Photos: Manos Koukakis
For those of you that don’t know, I’m currently a Social Media Manager (going forward known as SMM). My job involves writing social strategy for my company, working with the Marketing team to build social into current campaigns and managing ‘Influencer Relations’ – Yes I’m sorry but as I’ve got my brand head on, I’m going to call them Influencers (even though I cringe when I hear that word when I’m on the blogging side of the fence!) So I thought I’d write down a few tips for working with brands while I’ve got my brand hat on (with a side of ‘blogger’ in for good measure!) I guess this is where I say ‘all opinions and tips are my own and nothing to do with my employer…’ so there we go!
Tips for Working with Brands
I’ve been really lucky to work with all kinds of influencer – really, really famous ones, Facebook famous ones, mummy bloggers and many micro influencers. I’ve worked with them directly, through PR agencies and through Influencers Apps. There are so many ways that brands can reach out to work with bloggers and vloggers these days but I also know it can be a bit of a minefield once you secure that brand deal. So I’ve written down a few of my tips:
Get yourself out there and tell brands what you can offer
I’m part of a few groups on Facebook that are designed to help influencers get more confident at pitching to brands. The smaller ones amongst us don’t have management working on our behalf, so probably need to fit this in around other commitment (such as jobs, families and maintaining a social life). I’ve learned that putting yourself out there and pitching directly to a brand can lead to a collaboration of some kind. As a SMM, I receive emails all the time from Influencers that want to work with our brand. While I receive and respond to generic ‘I’d like to work with you’ emails, I’m more impressed when I receive actual pitch ideas of how Influencers are going to build my brand into their platform/blog post/video etc. It gives me (as the client) a clear indication of what you’re trying to achieve and whether the idea and your brand are the right fit for mine.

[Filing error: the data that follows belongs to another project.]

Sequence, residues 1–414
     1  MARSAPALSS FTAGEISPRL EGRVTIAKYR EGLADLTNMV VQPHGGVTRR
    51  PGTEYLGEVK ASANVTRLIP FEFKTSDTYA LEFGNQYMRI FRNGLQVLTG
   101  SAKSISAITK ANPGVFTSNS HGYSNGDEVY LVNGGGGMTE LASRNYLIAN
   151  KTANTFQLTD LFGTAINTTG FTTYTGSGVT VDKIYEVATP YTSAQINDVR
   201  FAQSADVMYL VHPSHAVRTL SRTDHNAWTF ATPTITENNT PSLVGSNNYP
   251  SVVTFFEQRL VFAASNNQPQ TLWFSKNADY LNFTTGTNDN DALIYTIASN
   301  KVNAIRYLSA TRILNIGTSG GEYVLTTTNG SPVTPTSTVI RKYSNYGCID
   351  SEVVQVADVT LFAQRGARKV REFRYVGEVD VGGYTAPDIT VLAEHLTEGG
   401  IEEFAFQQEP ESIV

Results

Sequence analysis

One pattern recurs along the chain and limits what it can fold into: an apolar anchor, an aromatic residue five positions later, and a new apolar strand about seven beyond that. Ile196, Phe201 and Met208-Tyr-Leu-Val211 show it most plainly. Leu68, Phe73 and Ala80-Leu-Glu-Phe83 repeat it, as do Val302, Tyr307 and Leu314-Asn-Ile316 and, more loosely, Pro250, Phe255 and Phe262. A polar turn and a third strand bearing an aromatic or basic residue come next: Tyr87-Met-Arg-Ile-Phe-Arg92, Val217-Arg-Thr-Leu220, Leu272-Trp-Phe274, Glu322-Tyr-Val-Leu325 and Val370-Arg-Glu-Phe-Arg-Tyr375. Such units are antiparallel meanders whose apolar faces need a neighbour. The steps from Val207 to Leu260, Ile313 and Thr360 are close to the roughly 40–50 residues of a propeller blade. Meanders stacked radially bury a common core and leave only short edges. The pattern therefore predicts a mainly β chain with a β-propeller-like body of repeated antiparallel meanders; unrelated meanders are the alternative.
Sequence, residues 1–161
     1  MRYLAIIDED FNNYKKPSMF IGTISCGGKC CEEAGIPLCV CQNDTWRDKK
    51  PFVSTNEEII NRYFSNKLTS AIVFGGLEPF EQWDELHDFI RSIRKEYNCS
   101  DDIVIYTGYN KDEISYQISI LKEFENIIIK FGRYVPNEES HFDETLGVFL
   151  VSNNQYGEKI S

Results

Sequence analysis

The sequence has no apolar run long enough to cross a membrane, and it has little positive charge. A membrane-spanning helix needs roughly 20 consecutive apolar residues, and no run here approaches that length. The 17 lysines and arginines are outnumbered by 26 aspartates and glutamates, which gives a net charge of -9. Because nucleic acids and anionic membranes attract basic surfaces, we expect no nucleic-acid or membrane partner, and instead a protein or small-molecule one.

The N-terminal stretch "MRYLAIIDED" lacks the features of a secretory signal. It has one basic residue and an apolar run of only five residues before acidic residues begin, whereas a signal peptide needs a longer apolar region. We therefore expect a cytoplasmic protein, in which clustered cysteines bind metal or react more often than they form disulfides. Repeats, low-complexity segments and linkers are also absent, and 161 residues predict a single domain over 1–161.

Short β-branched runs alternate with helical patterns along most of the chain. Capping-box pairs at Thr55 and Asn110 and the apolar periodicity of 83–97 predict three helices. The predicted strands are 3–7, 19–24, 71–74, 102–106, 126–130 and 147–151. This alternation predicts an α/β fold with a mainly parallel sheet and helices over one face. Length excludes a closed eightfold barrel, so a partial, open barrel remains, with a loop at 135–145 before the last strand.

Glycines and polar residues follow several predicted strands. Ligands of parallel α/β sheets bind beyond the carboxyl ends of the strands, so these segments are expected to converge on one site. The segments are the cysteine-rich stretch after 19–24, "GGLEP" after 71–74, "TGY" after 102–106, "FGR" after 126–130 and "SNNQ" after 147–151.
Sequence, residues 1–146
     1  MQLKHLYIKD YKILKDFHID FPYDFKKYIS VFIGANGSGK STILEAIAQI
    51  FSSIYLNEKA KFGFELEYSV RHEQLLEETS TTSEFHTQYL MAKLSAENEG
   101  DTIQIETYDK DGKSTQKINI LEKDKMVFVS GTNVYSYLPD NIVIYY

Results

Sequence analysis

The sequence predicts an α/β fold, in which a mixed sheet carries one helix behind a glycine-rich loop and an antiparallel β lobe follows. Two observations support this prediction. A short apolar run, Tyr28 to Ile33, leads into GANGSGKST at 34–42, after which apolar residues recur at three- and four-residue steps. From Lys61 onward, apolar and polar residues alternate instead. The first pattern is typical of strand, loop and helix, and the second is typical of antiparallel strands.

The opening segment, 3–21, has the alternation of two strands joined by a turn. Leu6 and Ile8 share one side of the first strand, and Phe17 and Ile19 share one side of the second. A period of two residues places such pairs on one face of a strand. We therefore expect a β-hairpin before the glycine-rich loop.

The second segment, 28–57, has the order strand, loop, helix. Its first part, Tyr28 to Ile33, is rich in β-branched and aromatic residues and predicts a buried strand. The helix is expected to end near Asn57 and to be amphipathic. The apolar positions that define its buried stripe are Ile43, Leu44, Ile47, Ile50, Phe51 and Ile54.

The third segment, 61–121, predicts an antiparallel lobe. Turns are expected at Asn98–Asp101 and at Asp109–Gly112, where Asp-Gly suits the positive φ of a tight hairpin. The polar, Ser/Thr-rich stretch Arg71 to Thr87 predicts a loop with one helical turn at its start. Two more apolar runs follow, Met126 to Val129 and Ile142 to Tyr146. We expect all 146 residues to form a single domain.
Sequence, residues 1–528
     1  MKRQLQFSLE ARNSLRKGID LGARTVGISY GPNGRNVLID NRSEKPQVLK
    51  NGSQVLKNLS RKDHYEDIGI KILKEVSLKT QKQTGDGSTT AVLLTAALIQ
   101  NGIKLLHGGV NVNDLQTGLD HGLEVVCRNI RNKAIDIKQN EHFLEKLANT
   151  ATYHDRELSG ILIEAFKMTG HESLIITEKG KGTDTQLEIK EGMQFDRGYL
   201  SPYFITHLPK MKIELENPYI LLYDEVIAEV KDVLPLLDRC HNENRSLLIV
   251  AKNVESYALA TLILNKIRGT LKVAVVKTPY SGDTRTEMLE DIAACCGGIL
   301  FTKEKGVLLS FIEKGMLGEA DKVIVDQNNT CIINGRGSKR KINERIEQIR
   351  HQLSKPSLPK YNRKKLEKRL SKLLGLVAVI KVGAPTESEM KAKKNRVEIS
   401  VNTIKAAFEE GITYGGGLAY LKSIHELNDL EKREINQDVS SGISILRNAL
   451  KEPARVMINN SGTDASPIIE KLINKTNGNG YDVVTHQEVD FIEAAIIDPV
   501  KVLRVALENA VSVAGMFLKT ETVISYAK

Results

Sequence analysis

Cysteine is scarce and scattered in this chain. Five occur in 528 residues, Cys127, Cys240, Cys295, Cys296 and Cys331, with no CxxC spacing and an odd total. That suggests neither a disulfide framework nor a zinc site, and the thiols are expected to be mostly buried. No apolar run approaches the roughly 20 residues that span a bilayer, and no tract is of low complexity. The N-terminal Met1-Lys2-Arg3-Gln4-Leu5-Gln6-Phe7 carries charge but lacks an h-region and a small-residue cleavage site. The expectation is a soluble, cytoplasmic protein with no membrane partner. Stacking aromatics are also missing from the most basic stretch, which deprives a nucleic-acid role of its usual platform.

If you’re going to miss a deadline, tell the brand
Ok so, you’ve got your brand deal and somehow, something has come up and you’re not sure if you can now commit to this deal. Or something has gone wrong and you’re having an absolute ‘mare. TELL THE BRAND. You don’t have to go into huge detail but for the love of god, tell them what is happening. The last thing you want in a stressful situation is to have a brand chasing you for the post/video you owe them. I’ve had bloggers who have had to pull out of deals last minute because of X,Y or Z. I understand that sometimes life gets in the way and won’t judge them for it… I just replace them for that particular campaign and I may revisit them later on down the line. What I will judge them for is if the act shadily and then the work is not complete… and I tell my PR agency about it… Not in a ‘don’t work with them’ kinda way but people talk…
Have the number of edits allowed wrote into your contract.